ICBC Law

BC Injury Law and ICBC Claims Blog

Erik MagrakenThis Blog is authored by British Columbia ICBC injury claims lawyer Erik Magraken. Erik is a partner with the British Columbia personal injury law-firm MacIsaac & Company. He restricts his practice exclusively to plaintiff-only personal injury claims with a particular emphasis on ICBC injury claims involving orthopaedic injuries and complex soft tissue injuries. Please visit often for the latest developments in matters concerning BC personal injury claims and ICBC claims

Erik Magraken does not work for and is not affiliated in any way with the Insurance Corporation of British Columbia (ICBC). Please note that this blog is for information only and is not claim-specific legal advice.  Erik can only provide legal advice to clients. Please click here to arrange a free consultation.

Posts Tagged ‘McCord v. Insurance Corporation of British Columbia’

PAU Strips Ontario Insurer of Defense for Payment of BC No Fault Benefits

April 2nd, 2013

As previously discussed, BC’s Financial Institutions Act requires out of Province vehicle insurers to sign a “Power of Attorney Undertaking” in essence promising to provide the minimum insurance coverage available in BC when their insured vehicles are travelling in this Province and further not to raise any defences which are not available to BC insurers.  As many North American jurisdictions have insurance limits well below those required in BC this often creates excess exposure for foreign insurers.  Reasons for judgement were released recently by the BC Supreme Court, New Westminster Registry, stripping a PAU signatory of a defence they otherwise would be entitled to.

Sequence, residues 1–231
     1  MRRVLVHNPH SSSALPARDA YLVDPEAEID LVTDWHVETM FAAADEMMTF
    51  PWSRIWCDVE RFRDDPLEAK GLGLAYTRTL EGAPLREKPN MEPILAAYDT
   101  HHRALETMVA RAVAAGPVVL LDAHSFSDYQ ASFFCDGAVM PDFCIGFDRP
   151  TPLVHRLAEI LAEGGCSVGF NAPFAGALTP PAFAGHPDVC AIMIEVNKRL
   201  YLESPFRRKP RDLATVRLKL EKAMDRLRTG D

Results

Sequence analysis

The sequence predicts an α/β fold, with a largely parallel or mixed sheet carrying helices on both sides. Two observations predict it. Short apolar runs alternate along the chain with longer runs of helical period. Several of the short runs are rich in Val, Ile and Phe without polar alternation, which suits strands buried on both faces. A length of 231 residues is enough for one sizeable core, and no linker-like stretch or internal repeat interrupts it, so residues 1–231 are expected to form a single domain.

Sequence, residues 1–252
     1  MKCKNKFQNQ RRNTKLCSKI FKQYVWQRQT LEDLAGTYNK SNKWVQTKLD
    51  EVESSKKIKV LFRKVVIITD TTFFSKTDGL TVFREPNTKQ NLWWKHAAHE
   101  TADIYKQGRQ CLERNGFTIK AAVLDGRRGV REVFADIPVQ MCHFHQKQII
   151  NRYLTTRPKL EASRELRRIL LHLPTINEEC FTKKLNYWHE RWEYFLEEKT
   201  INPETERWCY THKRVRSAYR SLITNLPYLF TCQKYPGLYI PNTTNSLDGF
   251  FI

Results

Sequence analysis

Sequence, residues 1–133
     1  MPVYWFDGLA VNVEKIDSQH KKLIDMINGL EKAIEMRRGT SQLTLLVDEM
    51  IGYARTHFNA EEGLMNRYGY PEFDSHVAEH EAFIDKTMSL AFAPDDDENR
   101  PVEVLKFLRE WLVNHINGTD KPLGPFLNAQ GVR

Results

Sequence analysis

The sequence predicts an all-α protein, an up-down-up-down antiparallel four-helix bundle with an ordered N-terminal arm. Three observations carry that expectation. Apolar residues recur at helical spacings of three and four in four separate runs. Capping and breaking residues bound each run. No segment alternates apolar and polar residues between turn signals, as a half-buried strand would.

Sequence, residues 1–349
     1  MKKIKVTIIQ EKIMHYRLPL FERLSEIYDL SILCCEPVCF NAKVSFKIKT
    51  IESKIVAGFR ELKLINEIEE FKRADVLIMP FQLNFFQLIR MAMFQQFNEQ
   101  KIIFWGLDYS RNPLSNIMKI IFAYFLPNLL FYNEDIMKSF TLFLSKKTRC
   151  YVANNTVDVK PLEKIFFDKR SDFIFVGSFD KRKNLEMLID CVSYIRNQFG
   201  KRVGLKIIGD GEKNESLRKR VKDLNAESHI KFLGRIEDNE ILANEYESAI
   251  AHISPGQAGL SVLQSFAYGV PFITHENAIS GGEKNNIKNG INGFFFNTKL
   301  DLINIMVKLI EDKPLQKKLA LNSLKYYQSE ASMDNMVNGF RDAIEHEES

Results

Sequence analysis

In the recent case (McCord v. Insurance Corporation of British Columbia) the Plaintiff was injured as a pedestrian in a BC collision.  He was insured for no-fault benefits both with ICBC  and a private insurer from Ontario.  He received benefits from ICBC and subsequently sought coverage with the Ontario provider.  The Ontario insurer denied payment relying on an Ontario regulation which limited payments “if the person receives benefits under the law of the jurisdiction in which the accident occurred“.

The Plaintiff sued arguing the Ontario insurer could not rely on this section as they signed the PAU.   Mr. Justice Saunders agreed and provided the following reasons:

[9]             Western Assurance says that there has been no violation on its part of the PAU; it has not set up a defence as to coverage, but has simply taken a position as to the amount of coverage available….

[10]         The PAU sets out two provisions. One is an undertaking not to raise defences. The other is an undertaking to pay limits as set out in (a) and (b) of the PAU. A “position” taken by a foreign insurer that only the minimum amount is payable, and not the full amounts otherwise payable under the foreign insurer’s policy, is, in every sense of the word, a defence. The position being taken here by Western Assurance is one of the types of conduct which the PAU is designed to prevent…

[12]         In my view, the raising of the provisions of the Regulation by Western Assurance is a defence within the meaning of the PAU, and reliance on those provisions as a defence would constitute a breach of the undertaking under the PAU.

[13]         The application is therefore allowed, and s. 57(1.1) of the Regulation will have no application to Mr. McCord’s claim for benefits.